Friday Paper Charts
September 22, 2023
Quite a week, and it would seem that I have timed my little break very well for once. An action-packed second half of the week has finally woken up markets again. The price action alone is unsurprising, given we knew where the momentum was. I am more astonished at how sentiment and the fintwit chatter have flared up as we broke recent yield ranges. Doom and gloom about higher rates are quite dominant, which is maybe a good omen as the reversal model is opening up a possibility for a relief rally in bonds soon. Handy to keep the headline below in my archive forever.
There are obviously losers and winners as rates go higher. I couldn’t help but be irritated by the one-sided nature of how rate rises are being portrayed in the media. The BBC, for example, was yapping on about how poor buy-to-let mortgage holders now have to rent out their places on Airbnb in order to finance their mortgage. This is their risk; people usually know what they are getting into. What about people like my parents-in-law who worked hard for their entire lives and have a few quid in savings, which are now finally reaping some rewards? There is always another side to the story.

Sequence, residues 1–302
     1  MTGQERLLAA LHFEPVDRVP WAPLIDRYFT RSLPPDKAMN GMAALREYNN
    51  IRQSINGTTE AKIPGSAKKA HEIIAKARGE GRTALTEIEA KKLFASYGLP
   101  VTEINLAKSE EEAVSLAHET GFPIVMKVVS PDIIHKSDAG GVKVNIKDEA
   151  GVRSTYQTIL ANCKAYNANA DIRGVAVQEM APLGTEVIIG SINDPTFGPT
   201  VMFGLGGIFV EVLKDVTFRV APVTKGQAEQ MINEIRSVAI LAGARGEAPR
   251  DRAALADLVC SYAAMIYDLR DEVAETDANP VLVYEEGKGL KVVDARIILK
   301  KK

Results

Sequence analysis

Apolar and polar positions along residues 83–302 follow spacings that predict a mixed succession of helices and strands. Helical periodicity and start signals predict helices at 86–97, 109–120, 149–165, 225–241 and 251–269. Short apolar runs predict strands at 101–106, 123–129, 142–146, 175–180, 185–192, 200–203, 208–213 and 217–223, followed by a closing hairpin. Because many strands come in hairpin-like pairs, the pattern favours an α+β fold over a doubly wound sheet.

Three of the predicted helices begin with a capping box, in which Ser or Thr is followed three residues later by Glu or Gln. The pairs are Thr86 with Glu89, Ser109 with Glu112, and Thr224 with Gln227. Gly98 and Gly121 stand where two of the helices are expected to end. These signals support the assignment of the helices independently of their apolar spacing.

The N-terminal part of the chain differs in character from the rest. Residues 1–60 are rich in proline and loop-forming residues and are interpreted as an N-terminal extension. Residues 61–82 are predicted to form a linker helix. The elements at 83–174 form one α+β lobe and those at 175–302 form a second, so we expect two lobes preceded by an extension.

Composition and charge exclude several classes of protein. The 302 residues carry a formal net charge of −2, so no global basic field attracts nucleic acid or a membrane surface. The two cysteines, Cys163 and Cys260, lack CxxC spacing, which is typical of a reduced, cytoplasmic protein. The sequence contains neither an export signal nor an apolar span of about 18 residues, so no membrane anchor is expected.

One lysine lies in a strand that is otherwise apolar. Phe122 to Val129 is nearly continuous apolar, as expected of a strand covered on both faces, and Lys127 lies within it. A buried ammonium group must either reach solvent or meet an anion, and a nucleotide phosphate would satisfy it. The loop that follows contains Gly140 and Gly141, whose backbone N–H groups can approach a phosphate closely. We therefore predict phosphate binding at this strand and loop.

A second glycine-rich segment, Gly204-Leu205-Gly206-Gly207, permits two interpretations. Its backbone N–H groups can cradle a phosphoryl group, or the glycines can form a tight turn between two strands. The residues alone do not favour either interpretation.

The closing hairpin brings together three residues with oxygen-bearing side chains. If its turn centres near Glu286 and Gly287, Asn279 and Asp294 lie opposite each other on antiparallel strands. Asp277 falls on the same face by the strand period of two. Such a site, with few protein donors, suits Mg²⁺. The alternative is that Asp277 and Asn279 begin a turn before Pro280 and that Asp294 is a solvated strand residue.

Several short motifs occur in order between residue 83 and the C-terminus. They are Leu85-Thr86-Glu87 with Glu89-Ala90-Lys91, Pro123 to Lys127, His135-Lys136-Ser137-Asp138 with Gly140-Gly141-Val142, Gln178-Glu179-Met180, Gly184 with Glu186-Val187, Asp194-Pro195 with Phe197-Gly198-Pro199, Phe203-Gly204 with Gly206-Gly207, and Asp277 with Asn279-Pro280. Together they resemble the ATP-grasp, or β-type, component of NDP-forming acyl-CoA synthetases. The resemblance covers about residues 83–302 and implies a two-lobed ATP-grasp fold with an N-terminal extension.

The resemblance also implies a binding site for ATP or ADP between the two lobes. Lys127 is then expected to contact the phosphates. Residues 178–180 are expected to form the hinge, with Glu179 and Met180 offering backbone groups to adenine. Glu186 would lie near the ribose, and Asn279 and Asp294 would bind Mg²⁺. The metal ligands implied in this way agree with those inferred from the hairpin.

The SPX is on course for the worst week since SVB, and we are sitting at a very tight stop with a likely break possibly targeting another 3% lower from current levels. Data is continuing to surprise; heck, even European data is slowly recovering. Super Thursday delivered a surprise pause by both the SNB and BoE, with the latter possibly setting themselves up for a small policy blunder while core inflation and wage pressures are still very much elevated.
Today’s BoJ Ueda comments were somewhat dovish, with the focus focus on policy exit policies. However, we did not receive much beyond stating that the distance to removing NIRP has not changed much. The phrasing today dampens speculation of a near-term shift in policy and highlights a continued dovish stance from the BoJ.
Stock/Bond correlations hit a new high for this year this week, as real yields are especially impacting growth stocks. Meanwhile, the USD is on a 9-week winning street, the longest since 2014.
Stagflation, while not overly mentioned, is still implicitly expected if you look at GDP and CPI expectations by country into 2024.
This week has seen the launch of PAMB (Paper Alfa Macro Book). The first article was published as we started the engines. I expanded on the important aspects of idea generation and some unconventional sources, which I hope you found useful.
I have a few more words upon reflecting on what this week’s FOMC delivered. After that, let’s explore the record 83 cross-asset charts for what the latest setups present to us. There are many reversals in play or due to be triggered.